Dear Direct Response Letter Subscriber:
The other day I got the following unsolicited e-mail from a Web
designer trying to get me to hire him to redesign my Web site:
“I just visited your site to check your copywriting service.
“You have a very good portfolio, but one thing that your website
lacks is powerful design that would reflect such quality service.
“It is just happened that I offer redesign service, so I decided
to email you.
“I have a lot of top-quality design templates to choose from. I
also provide full customization/optimization service.
“You have a truly professional service and background, so I
believe your online ‘look & feel’ should not be worse. If you are
interested let me know.
“Sincerely, Paul V., Web Site Designer.”
Can you spot all the mistakes in Paul’s e-mail to me?
1. It is an unsolicited promotional e-mail sent to an e-mail
address where the recipient has not “opted in” – that is, has not
agreed to receive such messages. Therefore, it is spam. Not a
great way to start a relationship.
2. The first sentence is misleading. He makes himself sound like
a prospect interested in my copywriting services … which he is
3. In the second paragraph, Paul gives me a critique of my Web
site – a critique I did not ask for and therefore place no value
upon (especially since I have never heard of Paul).
4. Also, Paul’s critique is negative. So he is insulting me
within the first two sentences of our conversation – and I don’t
even know who he is … continuing to start us off on the wrong
5. In the ungrammatical sentence in the third paragraph, he shows
his true colors. He is not giving an objective critique with any
real value. He is simply trying to peddle his services – without
knowing a single thing about me, my goals, or my level of
satisfaction (or dissatisfaction) with my current Web site.
6. The phrase “it is just happened” has all the sincerity of a
three-dollar bill. It’s obvious that this guy spends his time
writing to Web site owners in the desperate hope that they’ll
give him some money.
7. The fifth paragraph again insults the recipient, telling him
that his Web site is “worse” and should not be.
It’s a common ploy that many service marketers – usually those
without much business and desperate for some revenue – think will
work: Tell someone their Widget (or whatever) sucks, and that you
can make it better … if only they would hire you.
It seldom works. Here’s why….
To begin with, you’re offering unsolicited advice … which, trust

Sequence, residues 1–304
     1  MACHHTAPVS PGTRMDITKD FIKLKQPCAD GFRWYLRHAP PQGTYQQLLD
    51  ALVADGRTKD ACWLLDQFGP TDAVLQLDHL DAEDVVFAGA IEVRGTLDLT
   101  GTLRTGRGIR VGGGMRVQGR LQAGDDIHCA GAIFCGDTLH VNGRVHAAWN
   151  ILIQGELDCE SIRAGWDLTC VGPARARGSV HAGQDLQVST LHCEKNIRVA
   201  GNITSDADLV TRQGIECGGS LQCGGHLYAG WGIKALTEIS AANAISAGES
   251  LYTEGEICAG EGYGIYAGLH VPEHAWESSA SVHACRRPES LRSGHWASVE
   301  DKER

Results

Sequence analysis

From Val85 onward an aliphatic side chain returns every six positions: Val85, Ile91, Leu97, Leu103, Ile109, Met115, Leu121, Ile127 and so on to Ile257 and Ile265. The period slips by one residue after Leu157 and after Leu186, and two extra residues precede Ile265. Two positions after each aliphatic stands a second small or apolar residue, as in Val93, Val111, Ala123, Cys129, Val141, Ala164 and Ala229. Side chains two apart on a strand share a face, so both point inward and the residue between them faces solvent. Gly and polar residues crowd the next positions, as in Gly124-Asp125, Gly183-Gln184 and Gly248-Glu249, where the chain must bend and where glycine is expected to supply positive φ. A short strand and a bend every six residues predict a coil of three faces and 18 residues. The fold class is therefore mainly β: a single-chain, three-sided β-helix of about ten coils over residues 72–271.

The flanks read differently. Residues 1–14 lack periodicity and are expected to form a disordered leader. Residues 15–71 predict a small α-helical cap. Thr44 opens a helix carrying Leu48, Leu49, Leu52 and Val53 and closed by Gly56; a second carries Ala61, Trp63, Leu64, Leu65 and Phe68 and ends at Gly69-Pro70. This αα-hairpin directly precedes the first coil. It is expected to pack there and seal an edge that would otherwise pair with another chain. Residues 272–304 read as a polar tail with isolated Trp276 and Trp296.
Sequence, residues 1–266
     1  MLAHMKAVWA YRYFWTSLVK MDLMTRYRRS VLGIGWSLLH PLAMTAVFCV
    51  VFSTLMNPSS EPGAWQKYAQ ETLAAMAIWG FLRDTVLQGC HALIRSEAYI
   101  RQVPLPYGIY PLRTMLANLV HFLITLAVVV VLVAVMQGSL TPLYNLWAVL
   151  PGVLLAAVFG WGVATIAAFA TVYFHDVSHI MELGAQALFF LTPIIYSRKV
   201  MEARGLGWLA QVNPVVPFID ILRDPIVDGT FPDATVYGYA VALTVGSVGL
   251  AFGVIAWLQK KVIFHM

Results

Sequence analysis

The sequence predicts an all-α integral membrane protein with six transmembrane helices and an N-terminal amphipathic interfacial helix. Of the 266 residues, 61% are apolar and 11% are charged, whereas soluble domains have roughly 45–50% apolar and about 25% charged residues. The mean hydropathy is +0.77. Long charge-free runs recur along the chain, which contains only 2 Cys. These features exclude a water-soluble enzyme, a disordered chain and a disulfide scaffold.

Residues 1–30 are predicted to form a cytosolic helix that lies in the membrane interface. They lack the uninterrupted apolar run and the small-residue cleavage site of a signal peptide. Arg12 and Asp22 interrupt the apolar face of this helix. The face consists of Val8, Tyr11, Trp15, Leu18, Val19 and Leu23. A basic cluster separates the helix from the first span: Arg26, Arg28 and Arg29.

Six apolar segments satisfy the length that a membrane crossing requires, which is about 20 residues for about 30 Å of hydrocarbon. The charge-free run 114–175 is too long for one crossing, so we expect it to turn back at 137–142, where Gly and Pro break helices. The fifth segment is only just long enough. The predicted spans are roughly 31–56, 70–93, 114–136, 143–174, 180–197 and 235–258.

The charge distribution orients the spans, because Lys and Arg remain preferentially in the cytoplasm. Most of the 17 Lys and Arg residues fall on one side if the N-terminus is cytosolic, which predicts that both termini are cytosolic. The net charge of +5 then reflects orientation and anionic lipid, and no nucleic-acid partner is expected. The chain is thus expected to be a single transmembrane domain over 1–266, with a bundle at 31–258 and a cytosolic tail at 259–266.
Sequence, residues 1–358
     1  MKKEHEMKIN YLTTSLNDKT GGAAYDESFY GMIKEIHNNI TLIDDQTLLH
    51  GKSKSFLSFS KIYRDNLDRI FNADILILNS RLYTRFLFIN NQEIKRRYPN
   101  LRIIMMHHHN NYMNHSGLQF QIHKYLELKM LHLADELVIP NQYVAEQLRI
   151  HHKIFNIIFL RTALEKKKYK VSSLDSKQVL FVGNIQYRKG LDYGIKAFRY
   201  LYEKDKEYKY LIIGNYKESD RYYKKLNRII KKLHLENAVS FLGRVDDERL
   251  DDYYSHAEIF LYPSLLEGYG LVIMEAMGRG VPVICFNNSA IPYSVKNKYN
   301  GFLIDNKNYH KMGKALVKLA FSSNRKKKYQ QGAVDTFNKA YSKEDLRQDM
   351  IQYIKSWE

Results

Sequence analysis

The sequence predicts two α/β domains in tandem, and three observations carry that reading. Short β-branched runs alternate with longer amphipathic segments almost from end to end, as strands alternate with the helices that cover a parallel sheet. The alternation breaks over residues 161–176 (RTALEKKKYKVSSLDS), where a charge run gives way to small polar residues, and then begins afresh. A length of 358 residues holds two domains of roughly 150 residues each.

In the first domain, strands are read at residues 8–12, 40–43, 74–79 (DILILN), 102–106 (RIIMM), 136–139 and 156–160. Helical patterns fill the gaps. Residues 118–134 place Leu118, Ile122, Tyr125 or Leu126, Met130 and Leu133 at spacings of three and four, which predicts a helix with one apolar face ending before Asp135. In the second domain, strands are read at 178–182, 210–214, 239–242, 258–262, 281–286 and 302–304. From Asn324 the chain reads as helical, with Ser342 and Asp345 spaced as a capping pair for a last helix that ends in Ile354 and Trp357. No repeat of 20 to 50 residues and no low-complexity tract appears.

me, is absolutely the worst kind (I intend to write a whole
column on the pitfalls of unsolicited advice, so prevalent has it
become in the Internet age).
The work you are criticizing may very well have been done by the
person to whom you are aiming the criticism … so you are
insulting a complete stranger. An odd way to get people to like
you (and remember, people usually do business only with people
they like or trust).
Also, you are giving a subjective opinion for which you don’t
have the facts to back it up.
In the example above, Paul has no idea of how well my Web site is
working, whether it is achieving its sales goals, or even what
those objectives are.
So how is he in a position to judge whether what he sees is
He’s not, which reduces his already marginal credibility with me
to virtually zero.
So, what’s the root of the problem?
It’s this: To be a successful marketer, you’ve got to solve a
problem that’s important to the customer.
To solve a problem that’s important to the customer, you’ve first
got to identify what problems the client has, and then identify
those that are most important and urgent.
When you give unsolicited advice or criticism like Paul did with
my Web site, you have NO IDEA what the other person’s problems,
needs, or priorities are.
You are giving advice in a vacuum – the total opposite of what a
competent professional would do.
What’s a better approach Paul could have taken with me?
One might be to ask, “If there’s one thing you would want to
change or improve about your Web site, what would it be?”
Or he could have offered to share with me some new Web marketing
techniques that he has used for his other clients – techniques
that worked well for them and that I might be interested in
Or any of a dozen approaches other than to pretend to give me an
objective critique when in reality he is delivering a blatant